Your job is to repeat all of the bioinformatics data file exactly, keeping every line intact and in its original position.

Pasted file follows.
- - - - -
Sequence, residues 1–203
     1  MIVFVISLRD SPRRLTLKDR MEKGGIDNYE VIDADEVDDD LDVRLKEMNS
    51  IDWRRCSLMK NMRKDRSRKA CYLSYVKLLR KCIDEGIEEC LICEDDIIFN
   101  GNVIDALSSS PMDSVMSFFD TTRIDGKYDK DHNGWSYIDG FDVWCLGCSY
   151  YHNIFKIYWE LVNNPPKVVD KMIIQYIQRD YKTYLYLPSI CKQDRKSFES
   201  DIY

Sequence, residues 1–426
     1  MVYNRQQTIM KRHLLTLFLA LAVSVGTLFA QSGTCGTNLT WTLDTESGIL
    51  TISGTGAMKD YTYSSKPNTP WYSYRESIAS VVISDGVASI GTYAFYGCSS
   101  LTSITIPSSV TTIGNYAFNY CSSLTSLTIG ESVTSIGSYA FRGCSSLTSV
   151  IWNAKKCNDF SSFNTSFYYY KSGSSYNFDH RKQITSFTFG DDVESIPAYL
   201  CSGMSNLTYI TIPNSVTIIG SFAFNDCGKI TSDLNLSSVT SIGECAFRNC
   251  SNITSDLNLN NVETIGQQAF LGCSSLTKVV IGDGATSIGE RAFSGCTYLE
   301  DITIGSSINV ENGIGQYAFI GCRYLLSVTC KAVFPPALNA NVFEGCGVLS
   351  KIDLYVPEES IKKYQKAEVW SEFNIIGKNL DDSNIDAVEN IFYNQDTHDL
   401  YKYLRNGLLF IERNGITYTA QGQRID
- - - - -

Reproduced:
Sequence, residues 1–203
     1  MIVFVISLRD SPRRLTLKDR MEKGGIDNYE VIDADEVDDD LDVRLKEMNS
    51  IDWRRCSLMK NMRKDRSRKA CYLSYVKLLR KCIDEGIEEC LICEDDIIFN
   101  GNVIDALSSS PMDSVMSFFD TTRIDGKYDK DHNGWSYIDG FDVWCLGCSY
   151  YHNIFKIYWE LVNNPPKVVD KMIIQYIQRD YKTYLYLPSI CKQDRKSFES
   201  DIY

Sequence, residues 1–426
     1  MVYNRQQTIM KRHLLTLFLA LAVSVGTLFA QSGTCGTNLT WTLDTESGIL
    51  TISGTGAMKD YTYSSKPNTP WYSYRESIAS VVISDGVASI GTYAFYGCSS
   101  LTSITIPSSV TTIGNYAFNY CSSLTSLTIG ESVTSIGSYA FRGCSSLTSV
   151  IWNAKKCNDF SSFNTSFYYY KSGSSYNFDH RKQITSFTFG DDVESIPAYL
   201  CSGMSNLTYI TIPNSVTIIG SFAFNDCGKI TSDLNLSSVT SIGECAFRNC
   251  SNITSDLNLN NVETIGQQAF LGCSSLTKVV IGDGATSIGE RAFSGCTYLE
   301  DITIGSSINV ENGIGQYAFI GCRYLLSVTC KAVFPPALNA NVFEGCGVLS
   351  KIDLYVPEES IKKYQKAEVW SEFNIIGKNL DDSNIDAVEN IFYNQDTHDL
   401  YKYLRNGLLF IERNGITYTA QGQRID